Series: The Lost Orders

On September 9th, Lee ordered his Chief of Staff, Lt. Col. R.H. Chilton, to write and distribute the plan: Special Orders 191. Walter Taylor, a member of Lee's staff, wrote in his memoirs that he was not present to "supervise the promulgation" of Special Orders 191, suggesting that Taylor was normally responsible for the clerical aspects of issuing orders. This may explain the confusion surrounding the delivery of the orders and absence of a paper trail. As written, the order laid out the plans of the Confederate army for the following three days (September 10-12), splitting Lee's army, and explaining each assignment.

The Orders

Moddern photograph of a page of the Special Orders
Image of a page of the Special Orders

Jackson was to go back across the Potomac, capture Union forces at Martinsburg, Virginia, and cut off the escape of the Federal garrison at Harpers Ferry, Virginia. Gen. Lafayette McLaws was to take Maryland Heights, then capture any Federals fleeing from Harpers Ferry. Gen. John G. Walker was to take possession of Loudoun Heights, then assist McLaws and Jackson to capture any fleeing Federals.

While the three Confederate columns closed around Harpers Ferry, Gen. James Longstreet was sent to Boonsboro, Maryland with the reserve and Gen. James Ewell Brown "Jeb" Stuart's cavalry was to detach a squadron of cavalry to screen the route of the army and bring up stragglers. Gen. D.H. Hill was to form the rear guard of the army as they left Frederick. After finishing their tasks, the army was to reunite in either Boonsboro or Hagerstown.

Chilton initially made seven copies of the original orders for Jackson, Longstreet, Walker, Stuart, McLaws, Taylor, and a file copy to Confederate President Jefferson Davis. When the orders were written, D.H. Hill fell under the command of Jackson. As such, he received his orders directly from Jackson. Special Orders 191, however, defined Hill's new role as an independent commander and Chilton took it upon himself to pencil Hill a copy as well. Hill was sent the orders from Jackson, which he kept, and from Chilton, which he said never made it to his camp.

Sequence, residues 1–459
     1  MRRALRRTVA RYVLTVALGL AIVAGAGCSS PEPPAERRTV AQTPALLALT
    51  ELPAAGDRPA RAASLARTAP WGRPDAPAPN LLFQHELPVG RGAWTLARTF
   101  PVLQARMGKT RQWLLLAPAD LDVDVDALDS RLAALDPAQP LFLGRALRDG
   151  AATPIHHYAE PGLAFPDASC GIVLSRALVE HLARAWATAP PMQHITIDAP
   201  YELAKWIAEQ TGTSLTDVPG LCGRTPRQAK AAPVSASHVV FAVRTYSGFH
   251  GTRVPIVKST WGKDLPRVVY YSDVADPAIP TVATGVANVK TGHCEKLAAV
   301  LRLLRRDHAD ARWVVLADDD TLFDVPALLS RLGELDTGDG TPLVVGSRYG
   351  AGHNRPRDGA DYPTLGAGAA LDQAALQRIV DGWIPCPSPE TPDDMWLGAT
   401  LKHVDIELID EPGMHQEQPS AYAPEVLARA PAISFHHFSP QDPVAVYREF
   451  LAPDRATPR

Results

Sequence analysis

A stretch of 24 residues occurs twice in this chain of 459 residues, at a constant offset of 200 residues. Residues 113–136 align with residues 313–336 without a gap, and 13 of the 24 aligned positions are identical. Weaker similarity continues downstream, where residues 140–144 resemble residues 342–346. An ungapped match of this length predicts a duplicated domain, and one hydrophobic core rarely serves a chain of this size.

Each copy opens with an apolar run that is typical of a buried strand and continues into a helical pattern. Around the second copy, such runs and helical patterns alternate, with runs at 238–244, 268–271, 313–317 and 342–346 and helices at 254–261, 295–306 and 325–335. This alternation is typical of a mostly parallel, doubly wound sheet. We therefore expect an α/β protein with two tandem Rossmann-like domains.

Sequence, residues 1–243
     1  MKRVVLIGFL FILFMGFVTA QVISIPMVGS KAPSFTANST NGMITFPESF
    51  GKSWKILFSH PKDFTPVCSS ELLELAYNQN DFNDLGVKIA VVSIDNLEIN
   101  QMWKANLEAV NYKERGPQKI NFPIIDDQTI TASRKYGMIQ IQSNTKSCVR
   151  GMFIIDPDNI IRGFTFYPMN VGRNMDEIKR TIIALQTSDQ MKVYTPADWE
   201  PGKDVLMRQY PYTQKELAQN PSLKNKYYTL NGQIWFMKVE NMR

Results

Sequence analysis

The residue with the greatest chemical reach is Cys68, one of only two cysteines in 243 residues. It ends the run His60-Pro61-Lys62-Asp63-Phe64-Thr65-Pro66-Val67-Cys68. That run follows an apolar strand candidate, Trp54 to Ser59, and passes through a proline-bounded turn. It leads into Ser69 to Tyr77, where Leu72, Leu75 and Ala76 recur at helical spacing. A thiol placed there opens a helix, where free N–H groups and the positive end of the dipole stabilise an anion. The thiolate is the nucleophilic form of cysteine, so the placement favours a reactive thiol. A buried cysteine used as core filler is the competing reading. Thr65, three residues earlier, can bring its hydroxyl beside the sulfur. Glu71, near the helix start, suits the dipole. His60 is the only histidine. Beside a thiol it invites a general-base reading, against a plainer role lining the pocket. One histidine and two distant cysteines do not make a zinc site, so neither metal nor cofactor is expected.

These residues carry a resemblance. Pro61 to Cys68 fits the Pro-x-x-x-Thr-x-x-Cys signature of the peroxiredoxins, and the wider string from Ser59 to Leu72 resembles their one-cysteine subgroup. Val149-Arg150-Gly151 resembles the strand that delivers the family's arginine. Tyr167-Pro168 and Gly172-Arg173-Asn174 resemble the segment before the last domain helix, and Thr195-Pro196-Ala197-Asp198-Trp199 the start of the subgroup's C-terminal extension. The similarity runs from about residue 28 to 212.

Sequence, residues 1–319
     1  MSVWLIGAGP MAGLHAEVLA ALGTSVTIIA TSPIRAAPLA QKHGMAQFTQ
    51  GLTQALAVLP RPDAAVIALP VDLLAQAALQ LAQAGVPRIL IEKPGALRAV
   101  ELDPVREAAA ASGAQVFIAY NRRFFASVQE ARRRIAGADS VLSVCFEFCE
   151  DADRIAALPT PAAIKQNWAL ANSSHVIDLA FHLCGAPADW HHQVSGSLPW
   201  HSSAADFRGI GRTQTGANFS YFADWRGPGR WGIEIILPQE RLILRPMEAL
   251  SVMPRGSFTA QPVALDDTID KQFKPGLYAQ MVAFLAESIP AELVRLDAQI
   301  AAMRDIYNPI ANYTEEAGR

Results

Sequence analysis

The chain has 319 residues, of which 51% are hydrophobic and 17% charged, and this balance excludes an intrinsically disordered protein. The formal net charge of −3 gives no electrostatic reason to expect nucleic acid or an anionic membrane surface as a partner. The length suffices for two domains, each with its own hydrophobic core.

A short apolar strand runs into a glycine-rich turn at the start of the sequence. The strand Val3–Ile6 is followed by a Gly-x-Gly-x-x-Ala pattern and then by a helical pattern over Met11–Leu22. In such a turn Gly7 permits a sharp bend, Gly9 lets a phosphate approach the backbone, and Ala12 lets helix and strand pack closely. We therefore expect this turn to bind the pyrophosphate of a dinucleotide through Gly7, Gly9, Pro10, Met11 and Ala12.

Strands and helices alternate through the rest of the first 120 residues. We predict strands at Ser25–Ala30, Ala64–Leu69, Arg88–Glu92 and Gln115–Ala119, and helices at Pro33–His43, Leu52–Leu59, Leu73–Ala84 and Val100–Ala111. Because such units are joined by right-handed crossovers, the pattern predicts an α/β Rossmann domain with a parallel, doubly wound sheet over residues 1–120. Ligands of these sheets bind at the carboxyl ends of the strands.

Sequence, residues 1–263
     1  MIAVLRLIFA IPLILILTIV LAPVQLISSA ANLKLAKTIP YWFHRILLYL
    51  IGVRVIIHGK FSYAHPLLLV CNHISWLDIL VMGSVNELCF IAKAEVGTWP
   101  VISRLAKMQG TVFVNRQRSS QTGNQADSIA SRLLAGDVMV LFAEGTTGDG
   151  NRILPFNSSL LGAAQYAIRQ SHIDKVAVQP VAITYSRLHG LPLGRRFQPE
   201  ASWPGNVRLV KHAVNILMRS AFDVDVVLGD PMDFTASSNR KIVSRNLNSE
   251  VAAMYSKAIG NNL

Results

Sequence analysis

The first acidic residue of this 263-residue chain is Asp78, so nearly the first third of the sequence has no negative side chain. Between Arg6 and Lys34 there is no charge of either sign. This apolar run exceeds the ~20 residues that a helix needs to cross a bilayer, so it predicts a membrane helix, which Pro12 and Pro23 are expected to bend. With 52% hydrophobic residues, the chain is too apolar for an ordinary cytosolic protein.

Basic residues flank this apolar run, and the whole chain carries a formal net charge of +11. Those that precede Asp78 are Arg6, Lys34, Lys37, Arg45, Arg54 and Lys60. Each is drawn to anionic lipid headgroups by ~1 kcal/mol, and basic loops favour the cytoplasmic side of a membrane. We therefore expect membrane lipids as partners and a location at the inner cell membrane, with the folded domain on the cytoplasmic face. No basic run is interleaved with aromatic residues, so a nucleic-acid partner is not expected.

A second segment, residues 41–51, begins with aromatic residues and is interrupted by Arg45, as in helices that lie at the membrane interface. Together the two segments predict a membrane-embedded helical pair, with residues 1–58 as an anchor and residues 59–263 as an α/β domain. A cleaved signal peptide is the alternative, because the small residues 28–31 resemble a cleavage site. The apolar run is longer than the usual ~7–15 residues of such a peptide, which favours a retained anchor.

On September 10th, the plan went into motion and the Confederates moved out of the Frederick area. However, Lee was leaving behind more than the town and its people. Somewhere in a field, waiting for the Union Army, was a key to disaster: an envelope containing a copy of Special Orders 191.

Cigars

Modern photograph of cigars, similar to those of the time period
Sample of cigars

Two cigars were in the envelope containing Special Orders 191; however, historically there have been many references to three cigars having been found. Whether there were two or three cigars in the envelope had no effect on the significance of the order itself, yet it continues to fascinate people interested in the "Lost Orders." Various soldiers' accounts suggest there were two or three cigars. The most reliable account is a letter written by Union Sergeant John Bloss in which he states that there were two cigars.

Rare Photograph

Photograph of Confederate Army marching through Frederick, Maryland
Confederate Army marching through Frederick, Maryland

Historical Society of Frederick County, Maryland

This rare photograph shows the Confederate Army marching through Frederick, Maryland. Ragged and hungry, the men were still confident of victory. The Union Army, though larger and better equipped, was in disarray after the Second Battle of Manassas and Lee expected little resistance from them soon. However, what McClellan lacked as a battlefield commander, he made up for with his ability to organize and reenergize his soldiers. By the time they reached Frederick, he had his army, including the artillery, refitted, reorganized, and resupplied.

"We marched through several towns in Maryland and through fine farms and stopped at Frederick City, Md., on the Monocacy river, remained there one day and washed our clothes in the river and put them on wet. We were trying to drown some of the lice of which we had plenty. We had not washed our clothes in about a month, and the bugs were getting unbearable."
-William Judkin, 22nd Georgia